Vote to adopt an amendment that would require that the United States be restored to its seat on the UN Human Rights Commission before the payment of $244 million in funds already designated to pay UN back dues.
Reference: Amendment sponsored by Hyde, R-IL; Bill HR 1646 ; vote number 2001-107 on May 10, 2001

Voted NO on $156M to IMF for 3rd-world debt reduction.

Vote on an amendment that would transfer $156 million from foreign military financing to the Highly Indebted Poor Countries [HIPC] Trust Fund. The HIPC Trust fund is designed to help debtor countries pay off the money they owe to multilateral agencies such as the World Bank and the International Monetary Fund.
Reference: Amendment sponsored by Waters, D-CA; Bill HR 4811 ; vote number 2000-397 on Jul 13, 2000

Voted YES on Permanent Normal Trade Relations with China.

Vote to give permanent Normal Trade Relations [NTR] status to China. Currently, NTR status for China is debated and voted on annually. The measure contains provisions designed to protect the United States from Chinese import surges and the administration would have to report annually on China's compliance with the trade agreement. The bill establishes a commission to monitor human rights, labor standards and religious freedom in China.
Reference: Bill sponsored by Archer, R-TX; Bill HR 4444 ; vote number 2000-228 on May 24, 2000

Voted YES on $15.2 billion for foreign operations.

Vote on a bill to provide $15.2 billion for foreign operations in FY 2000. Among other provisions, the bill would provide $1.82 billion over three years for implementation of the Wye River peace accord in the Middle East. In addition, the measure would provide $123 million in multilateral debt relief and would contribute $25 million to the United National Population Fund.
Reference: Bill sponsored by Callahan, R-AL; Bill HR 3196 ; vote number 1999-572 on Nov 5, 1999

Rated -1 by AAI, indicating a mixed Arab/Palestine voting record.

Portman scores -1 by AAI on Arab-Israeli issues

The Arab American Institute has compiled a Scorecard to catalogue the voting record of the 112th Congress on issues of importance to the Arab American community. Though not comprehensive, we have attempted to provide a snapshot of legislation concerning many of the primary issues concerning Arab Americans. For the Senate, we have included 10 items: two bills on the Arab Spring, three on Palestine, one on Lebanon, one regarding civil liberties, and two for immigration reform.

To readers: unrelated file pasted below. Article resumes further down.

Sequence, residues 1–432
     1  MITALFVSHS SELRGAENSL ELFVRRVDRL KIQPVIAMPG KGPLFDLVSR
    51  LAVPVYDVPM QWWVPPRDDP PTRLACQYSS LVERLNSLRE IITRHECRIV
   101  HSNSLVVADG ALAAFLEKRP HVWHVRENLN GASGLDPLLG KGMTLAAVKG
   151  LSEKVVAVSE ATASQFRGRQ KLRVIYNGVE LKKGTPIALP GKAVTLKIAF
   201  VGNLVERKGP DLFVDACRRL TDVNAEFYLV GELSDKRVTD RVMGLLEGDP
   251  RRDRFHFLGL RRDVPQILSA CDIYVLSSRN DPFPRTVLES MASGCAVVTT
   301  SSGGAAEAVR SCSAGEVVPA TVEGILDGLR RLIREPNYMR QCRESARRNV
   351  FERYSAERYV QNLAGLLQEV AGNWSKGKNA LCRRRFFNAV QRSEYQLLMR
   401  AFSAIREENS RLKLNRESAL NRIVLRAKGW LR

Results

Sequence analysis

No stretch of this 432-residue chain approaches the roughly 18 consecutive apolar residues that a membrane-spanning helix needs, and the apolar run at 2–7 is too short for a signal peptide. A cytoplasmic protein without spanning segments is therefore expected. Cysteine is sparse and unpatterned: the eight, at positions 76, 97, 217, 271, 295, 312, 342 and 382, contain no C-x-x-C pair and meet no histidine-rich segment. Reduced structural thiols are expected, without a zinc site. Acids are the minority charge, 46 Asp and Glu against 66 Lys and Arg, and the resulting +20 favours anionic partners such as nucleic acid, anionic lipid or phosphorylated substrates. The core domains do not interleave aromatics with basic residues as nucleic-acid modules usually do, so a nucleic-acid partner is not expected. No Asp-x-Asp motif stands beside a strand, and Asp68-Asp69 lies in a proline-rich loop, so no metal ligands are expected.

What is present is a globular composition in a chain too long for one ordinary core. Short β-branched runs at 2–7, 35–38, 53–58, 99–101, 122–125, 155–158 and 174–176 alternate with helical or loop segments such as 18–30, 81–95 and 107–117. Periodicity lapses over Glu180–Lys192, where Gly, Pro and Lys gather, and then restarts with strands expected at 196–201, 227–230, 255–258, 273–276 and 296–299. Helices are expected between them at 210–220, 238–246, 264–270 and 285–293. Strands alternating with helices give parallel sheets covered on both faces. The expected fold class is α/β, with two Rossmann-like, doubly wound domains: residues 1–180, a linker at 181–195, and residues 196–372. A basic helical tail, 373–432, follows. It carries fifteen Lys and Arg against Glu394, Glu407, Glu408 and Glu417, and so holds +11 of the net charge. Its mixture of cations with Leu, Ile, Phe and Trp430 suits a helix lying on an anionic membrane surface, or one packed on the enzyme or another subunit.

1. S. Res. 44: (+) calls on former President Hosni Mubarak to immediately begin a peaceful transition to a democratic political system
  2. S. Res. 109: (+) honoring and supporting women in North Africa and the Middle East
  3. S. Res. 138: (-) calling on the United Nations to rescind the Goldstone report, formally known as the UN Fact Finding Mission on the Gaza Conflict, which accused the Israeli government of targeting Palestinian civilians.
  4. S. Res. 185: (-) reaffirming the commitment of the US to a negotiated settlement of the Israeli-Palestinian conflict and calling for a US veto of any UN resolution on Palestinian statehood without a settlement.
  5. S. Con. Res. 23: (-) supporting Israel in maintaining defensible borders, and against Israel returning to the armistice lines that existed on June 4, 1967
  6. S. 558: (+) the Cluster Munitions Civilian Protection Act, to limit the use of cluster munitions in areas normally inhabited by civilians.
  7. S. 1125: (+) greater judicial review of the Foreign Intelligence Surveillance Act (FISA), and greater protections to individuals being monitored or gag-ordered by the FBI.
  8. S.1038, the PATRIOT Sunsets Extension Act, in opposition of PATRIOT Act extension.
  9. S. 723: (-) The Birthright Citizenship Act, limiting citizenship for millions of undocumented immigrants born in the US.
  10. S. 952: (+) the DREAM Act, allowing undocumented minors to become US citizens, provided they meet certain conditions, including good moral character
Source: AAI website 12-AAI-S on May 2, 2012

Vigorous support for State of Israel against Hamas in Gaza.

Portman co-sponsored Resolution for Israeli Self-Defense

RESOLUTION expressing vigorous support and unwavering commitment to the welfare, security, and survival of the State of Israel as a Jewish and democratic state with secure borders: